Some of the points made in defendant's complaint on the self-defense instruction are well taken but are not of sufficient complexity to require a detailed discussion and thus unreasonably extend this opinion. On the next trial the errors complained of will be corrected by the court in giving, which we hereby direct, the following instruction on self-defense:

"If the jury shall believe from the evidence that the defendant, at the time he shot and killed Clifton Arnsparger, if he did so, believed, and in the exercise of a reasonable judgment had grounds for believing, that Clifton Arnsparger, or George Toohey, Sr., or both of them, were then and there about to take his life, or the life of his companion, Dennis Patton, or to inflict some great bodily harm on them or either of them, and that there appeared to the defendant, in the exercise of a sound discretion, no other safe way to avert the danger, or apparent danger, if any, then pending, but to shoot and kill Clifton Arnsparger then he had the right to shoot and the jury in that event ought to acquit him on the ground of self-defense, defense of another, or apparent necessity therefor. But the court further instructs the jury that if you believe from the evidence that a short while before the defendant shot and killed Clifton Arnsparger, if he did so, on the night of December 4, 1940, the defendant had committed a felony by breaking into the storehouse or warehouse of George Toohey, Sr., in Bourbon county, Kentucky, and stealing therefrom property of value, towit: two automobile wheels and tires, the property of said Toohey and without his knowledge or consent, and that the defendant was fleeing from the scene of such crime, if any had been committed, and the deceased, Clifton Arnsparger, as deputy sheriff of Bourbon county, Kentucky, had received such information as would induce a person of ordinary prudence and discretion to believe that defendant had committed such felony, if any, and that acting upon such information and upon reasonable grounds he attempted to arrest the defendant for same and that the defendant for the purpose of preventing his arrest and with knowledge that the deceased was attempting to make such arrest, willfully and knowingly shot, and thereby brought on the affray in which he killed Clifton Arnsparger, if he did so, then and in that event, the defendant is not entitled to rely on the plea of self-defense as given in this instruction."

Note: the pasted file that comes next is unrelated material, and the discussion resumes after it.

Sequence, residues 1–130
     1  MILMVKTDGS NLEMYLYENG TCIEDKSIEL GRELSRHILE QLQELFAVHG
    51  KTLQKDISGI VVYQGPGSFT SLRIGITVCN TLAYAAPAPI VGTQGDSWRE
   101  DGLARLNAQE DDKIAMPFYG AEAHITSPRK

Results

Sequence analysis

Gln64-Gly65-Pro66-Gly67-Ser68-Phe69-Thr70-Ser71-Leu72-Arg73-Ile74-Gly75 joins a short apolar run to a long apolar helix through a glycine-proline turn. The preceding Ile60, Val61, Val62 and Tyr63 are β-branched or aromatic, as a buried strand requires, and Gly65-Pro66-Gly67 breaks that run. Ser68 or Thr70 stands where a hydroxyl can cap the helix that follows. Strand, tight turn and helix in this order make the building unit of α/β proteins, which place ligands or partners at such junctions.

Question is made of the conduct of the commonwealth's attorney in his closing argument to the jury, but since the case must be reversed for other reasons and the complained of argument likely will not be repeated on the next trial, we deem it unnecessary to discuss this complaint.

Wherefore the judgment is reversed with directions that it be set aside and that the defendant be granted a new trial to be conducted in a manner not inconsistent with this opinion.

Whole Court sitting.

Summaries of

Patton v. Commonwealth

Court of Appeals of Kentucky
Feb 24, 1942
159 S.W.2d 1006 (Ky. Ct. App. 1942)
Case details for

Patton v. Commonwealth

Case Details

Full title:Patton v. Commonwealth

Court:Court of Appeals of Kentucky

Date published: Feb 24, 1942


159 S.W.2d 1006 (Ky. Ct. App. 1942)
159 S.W.2d 1006